Hayek created the ABCT construct, and Hayek is very specific. Hayek classifies houses as production goods -- long-term capital goods. See Hayek's _The Pure Theory of Capital_.

Palmer just doesn't know his Hayek or his ABCT.

Palmer writes:

In fact, what we saw was a bubble in housing, which is not a “long-term project” that will “bear fruit only in the distant future,” but a speculative investment in a durable consumer good,

I asked Bob Murphy to take down what was just an unfortunate and impolite ad hominem on my part. I was displeased with Tom Palmer's "aprioristic mockery" of ABCT (or perhaps just Woods's statement of it). My views on the ABCT have been posted over the past months at ThinkMarkets. That is that.

Better people should read my new posts at ThinkMarkets on the "recovery" and "swine flu panic."

Note well: Hayek's account of the ABCT does not even require the causal involvement of a central bank -- private banks and investors can set the thing in action, creating bandwagon bubble effects across the time structure of the economy, etc. See _Monetary Theory and the Trade Cycle_.

And in a later version of the malinvestment / disequilibrium story, Hayek put profits at the center of the causal story, and not interest rates, and made essential reference to changing trade offs between labor and capital goods at different relative prices.

The malinvestment / disequilibrium story can be complex in many different causal / relative price / time dimensions, and Hayek was well aware of that.

Whew! What a lot of carrying on.

Well, housing is a consumer durable, the most durable of them all, whatever Hayek or the national income accounts say (and the latter include residential construction as part of capital investment, therefore technically a capital good). The only reason for doing that is if one is simply focusing on time horizons, and of course housing is probably the most interest-rate sensitive of all sectors due its long horizon (and all those 30-year mortgage involved).

That said, the bubble argument cannot be so easily dismissed. The bubble began in 1998, as I have argued here before based on data from Shiller, even though nobody noticed it for some time (we were near the peak of the dot.com bubble back then, which had everybody transfixed). The housing bubble was certainly aggravated during the 2003-04 period when Fed policy was especially expansionary. But the bubble was happening without any particular goosing from low interest rates.

As has been shown by experimental evidence, people have a strong propensity to engage in speculative bubbles way beyond the availability of financing, although easier financing makes it easier to bubble, of course.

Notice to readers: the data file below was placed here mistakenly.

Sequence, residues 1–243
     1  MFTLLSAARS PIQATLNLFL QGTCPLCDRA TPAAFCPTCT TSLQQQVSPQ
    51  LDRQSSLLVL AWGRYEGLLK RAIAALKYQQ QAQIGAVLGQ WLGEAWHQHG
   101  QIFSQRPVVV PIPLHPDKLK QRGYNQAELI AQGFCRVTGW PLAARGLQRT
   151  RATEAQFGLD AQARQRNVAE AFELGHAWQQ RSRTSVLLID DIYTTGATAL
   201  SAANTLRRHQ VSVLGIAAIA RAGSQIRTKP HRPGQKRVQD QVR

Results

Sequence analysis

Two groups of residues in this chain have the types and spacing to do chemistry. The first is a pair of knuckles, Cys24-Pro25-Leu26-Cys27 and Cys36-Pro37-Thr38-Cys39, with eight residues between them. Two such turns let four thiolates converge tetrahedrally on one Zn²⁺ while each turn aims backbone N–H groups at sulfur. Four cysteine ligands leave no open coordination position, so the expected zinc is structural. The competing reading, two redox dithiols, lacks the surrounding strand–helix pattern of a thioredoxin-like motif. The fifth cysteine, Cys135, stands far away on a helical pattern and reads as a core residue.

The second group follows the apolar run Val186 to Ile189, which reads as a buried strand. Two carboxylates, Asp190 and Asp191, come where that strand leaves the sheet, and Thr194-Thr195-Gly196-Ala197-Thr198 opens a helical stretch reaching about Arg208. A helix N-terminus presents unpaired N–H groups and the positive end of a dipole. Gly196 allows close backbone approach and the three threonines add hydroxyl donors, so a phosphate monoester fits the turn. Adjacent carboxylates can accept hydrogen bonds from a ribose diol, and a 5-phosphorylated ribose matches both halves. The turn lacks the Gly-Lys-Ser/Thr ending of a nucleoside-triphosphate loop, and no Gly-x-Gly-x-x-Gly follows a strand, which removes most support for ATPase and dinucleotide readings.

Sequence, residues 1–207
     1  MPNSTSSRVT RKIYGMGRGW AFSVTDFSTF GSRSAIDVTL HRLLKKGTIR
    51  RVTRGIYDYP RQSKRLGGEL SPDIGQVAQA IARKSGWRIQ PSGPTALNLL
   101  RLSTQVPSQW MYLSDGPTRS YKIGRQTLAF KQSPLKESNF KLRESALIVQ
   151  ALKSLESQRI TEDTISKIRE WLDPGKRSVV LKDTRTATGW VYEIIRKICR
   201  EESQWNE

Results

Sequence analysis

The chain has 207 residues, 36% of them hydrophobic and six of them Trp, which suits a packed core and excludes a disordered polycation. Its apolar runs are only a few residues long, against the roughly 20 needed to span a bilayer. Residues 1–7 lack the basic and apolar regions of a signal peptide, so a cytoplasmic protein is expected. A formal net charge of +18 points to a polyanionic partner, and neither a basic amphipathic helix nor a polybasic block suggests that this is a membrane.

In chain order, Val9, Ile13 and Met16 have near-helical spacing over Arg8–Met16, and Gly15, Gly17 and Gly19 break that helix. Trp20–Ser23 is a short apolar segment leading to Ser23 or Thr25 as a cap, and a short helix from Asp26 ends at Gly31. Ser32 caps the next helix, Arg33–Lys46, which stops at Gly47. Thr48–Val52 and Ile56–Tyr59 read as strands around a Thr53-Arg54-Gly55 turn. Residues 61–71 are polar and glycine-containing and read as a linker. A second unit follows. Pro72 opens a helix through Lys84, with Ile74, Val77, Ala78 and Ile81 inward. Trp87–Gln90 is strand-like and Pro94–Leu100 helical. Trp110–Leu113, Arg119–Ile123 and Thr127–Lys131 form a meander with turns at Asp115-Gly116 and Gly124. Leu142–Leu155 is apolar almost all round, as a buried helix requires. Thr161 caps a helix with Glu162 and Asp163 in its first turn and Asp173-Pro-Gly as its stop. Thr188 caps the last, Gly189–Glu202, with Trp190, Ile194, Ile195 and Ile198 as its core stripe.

I agree with Greg and others....

It's obvious that houses should be included alongside long-term investments. I live in a rented one and buy it's services for a monthly fee, that's real consumption. Anybody who thinks houses are just like other consumer goods either hasn't read about ABCT properly or has an agenda.

All,

I assumed that Mario's comment was there and had been taken down, but I wasn't sure. I think Stephan could have updated his post to indicate that, rather than leave Mario's comment on his blog with no evidence that Mario actually said it. Good internet etiquette would suggest that Stephan should update his post to indicate that Mario's quote is gone. It's just odd to hit the link and not have it there.

Read in historical context, TGP's use of "religious" was most likely an ad hominem shot. But in the blogosphere, that's small potatoes.

Yes, people can write letters to their friends (Woods to Alex C) and that's freedom of speech alright. But when the recipient has structural power over the subject of the letter, it's never "just a letter." That won't convince Stephan, but then again I rarely do. ;)

I would have defended Woods more strongly if I could have found more clear evidence *in the book* of the argument he made in the blog post. The book isn't nearly as clear.

And, yes, Pete is right. My point in going through this little exercise was to try to find the Garrisonian middle ground and see what was true and not true in this little spat, and try to get both Toms to see that they each over-reacted in their own way. And to point out that, on substance, Woods is right and Palmer is wrong.

Both Toms let their mutual dislike get in the way here. TGP's dislike of the MI crowd surely is part of his unwillingness to admit that Woods might have got it right and TW's dislike of Palmer is no reason to react to a book review (even a somewhat nasty one) by writing a letter to the author's boss, friend or not, free speech or not.